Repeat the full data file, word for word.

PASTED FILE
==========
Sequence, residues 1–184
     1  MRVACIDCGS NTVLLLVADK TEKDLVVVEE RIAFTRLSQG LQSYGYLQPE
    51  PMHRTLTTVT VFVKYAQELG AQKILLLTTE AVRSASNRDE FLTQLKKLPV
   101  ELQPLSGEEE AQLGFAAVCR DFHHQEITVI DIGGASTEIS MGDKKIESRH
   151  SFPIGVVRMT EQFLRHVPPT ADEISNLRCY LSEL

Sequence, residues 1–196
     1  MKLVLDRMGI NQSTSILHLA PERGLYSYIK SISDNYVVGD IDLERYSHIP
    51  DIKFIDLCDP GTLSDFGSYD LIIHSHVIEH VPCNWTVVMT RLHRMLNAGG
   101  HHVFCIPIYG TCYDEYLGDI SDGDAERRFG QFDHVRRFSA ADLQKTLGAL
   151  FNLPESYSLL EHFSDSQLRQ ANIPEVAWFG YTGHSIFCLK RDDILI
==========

Sequence, residues 1–184
     1  MRVACIDCGS NTVLLLVADK TEKDLVVVEE RIAFTRLSQG LQSYGYLQPE
    51  PMHRTLTTVT VFVKYAQELG AQKILLLTTE AVRSASNRDE FLTQLKKLPV
   101  ELQPLSGEEE AQLGFAAVCR DFHHQEITVI DIGGASTEIS MGDKKIESRH
   151  SFPIGVVRMT EQFLRHVPPT ADEISNLRCY LSEL

Sequence, residues 1–196
     1  MKLVLDRMGI NQSTSILHLA PERGLYSYIK SISDNYVVGD IDLERYSHIP
    51  DIKFIDLCDP GTLSDFGSYD LIIHSHVIEH VPCNWTVVMT RLHRMLNAGG
   101  HHVFCIPIYG TCYDEYLGDI SDGDAERRFG QFDHVRRFSA ADLQKTLGAL
   151  FNLPESYSLL EHFSDSQLRQ ANIPEVAWFG YTGHSIFCLK RDDILI